View Full Version : GOERZ LENS - Need help identifying

5-Jul-2010, 23:55

I have a Goerz lens (a family hand-me-down) for which I need information (Age, what is the correct term for this type of lens, what type of photography it was/is used for, etc.).

I'll include everything which is stamped on the lenses and body (Please excuse my lack of correct terminology! :) ).

There is a tag on the shutter body which reads: "C.P. Goerz AM. Opt. Co. New-York XEXCELL SECTOR PAT'D. No I176I (I'm not to sure about the *I*'s).

One lens is stamped with the following:
223092 (Serial #, I presume?).

The other lens is stamped with the following (Here's the good stuff...):
GOERZ DAGOR F 6.8 US PAT No 528155 SERIES III No 3 FOCUS 8 1/4 IN No 223092 (Serial #?).

All lenses are clear. I see no signs of de-lamination. Some of the black paint is flaking off. One leather cover is intact.

Thank you,

Steven Tribe
6-Jul-2010, 01:48
This is a nice shutter/lens set! The lens is a standard Goerz dagor (as it says on the front lens cell) which created a revolution in camera optics when it appeared in the early 1890's. This set is from the Goerz organisation in the US and is from around 1907/1908. Quite a large one too, as this focal length covers a very big sized negative. The 223092 is the serial number - Goerz always stamped the serial number on the rear lens cell as well.

6-Jul-2010, 04:34
Ads attached


6-Jul-2010, 12:04
I've attached some pics....

Thanks for the replies! Now that I know what I have, do I have it professionally cleaned, restored or just use it as a display piece? As I mentioned, the black paint is flaking. It appears the body is aluminum, and is in nice condition. I'm sure after 100+ years the shutter mechanism would need to be looked after.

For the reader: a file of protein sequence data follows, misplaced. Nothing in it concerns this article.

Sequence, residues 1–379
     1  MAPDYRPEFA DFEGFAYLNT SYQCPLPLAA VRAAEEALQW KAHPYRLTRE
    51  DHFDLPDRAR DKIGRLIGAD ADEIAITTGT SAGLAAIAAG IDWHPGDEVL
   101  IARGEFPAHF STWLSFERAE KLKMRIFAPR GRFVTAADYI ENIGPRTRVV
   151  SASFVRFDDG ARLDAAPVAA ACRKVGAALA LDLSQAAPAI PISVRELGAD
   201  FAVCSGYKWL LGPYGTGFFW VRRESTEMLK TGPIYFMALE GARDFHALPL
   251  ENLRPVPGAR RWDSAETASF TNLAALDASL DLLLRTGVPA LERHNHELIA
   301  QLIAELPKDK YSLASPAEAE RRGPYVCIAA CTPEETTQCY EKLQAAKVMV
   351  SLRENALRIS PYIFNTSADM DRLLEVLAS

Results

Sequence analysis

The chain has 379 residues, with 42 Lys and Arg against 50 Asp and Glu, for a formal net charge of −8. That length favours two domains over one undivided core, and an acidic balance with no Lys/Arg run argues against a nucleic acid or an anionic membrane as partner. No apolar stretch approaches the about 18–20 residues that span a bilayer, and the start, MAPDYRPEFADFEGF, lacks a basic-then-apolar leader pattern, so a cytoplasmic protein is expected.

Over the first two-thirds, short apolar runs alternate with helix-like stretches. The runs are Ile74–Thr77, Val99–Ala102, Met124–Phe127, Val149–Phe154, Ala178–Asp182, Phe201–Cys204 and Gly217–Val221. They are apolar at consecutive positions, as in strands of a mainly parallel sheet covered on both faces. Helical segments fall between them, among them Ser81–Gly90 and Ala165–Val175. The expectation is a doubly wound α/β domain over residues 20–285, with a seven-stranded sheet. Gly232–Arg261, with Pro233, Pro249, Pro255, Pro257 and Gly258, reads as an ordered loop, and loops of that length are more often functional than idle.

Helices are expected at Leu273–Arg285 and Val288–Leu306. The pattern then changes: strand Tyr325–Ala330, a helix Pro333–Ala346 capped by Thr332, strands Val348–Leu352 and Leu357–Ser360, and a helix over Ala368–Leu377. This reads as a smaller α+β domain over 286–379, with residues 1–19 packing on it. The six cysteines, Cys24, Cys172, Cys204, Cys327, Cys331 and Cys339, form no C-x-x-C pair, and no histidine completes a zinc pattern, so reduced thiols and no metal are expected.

Any thoughts/opinions?

The advert is just great! This is exactly what my model looks like.

Thanks again,


Steven Tribe
6-Jul-2010, 13:49
Although the 2 lens cells are identical optically, there is a tradition that the lens with the maker's details points away from the camera and can be read when mounted. That is, you should switch them around! The chances of the shutter working (perhaps not perfectly, though) are quite good.

This is a lens which is still in use everyday around the world.

6-Jul-2010, 13:59
Get it cleaned and restored! You've got a gem there.

6-Jul-2010, 14:21
It depends what it costs to "restore." This lens and shutter combo can be had for as little as $ 125 on ebay to as high as say $ 275 for a really clean/nice unit. Its not a "rare" piece by any stretch, but can be used with good results.

Good luck

6-Jul-2010, 22:36
Thanks for the tips, especially regarding switching the lenses! The pics are the way I received the lens/shutter. The shutter does seem to work fine.

Is there any kind of gentle/light cleaning I can do without taking it to a camera store which is familiar with these types of lenses? Tools needed? Do camera folk go more for originality, functionality or appearance?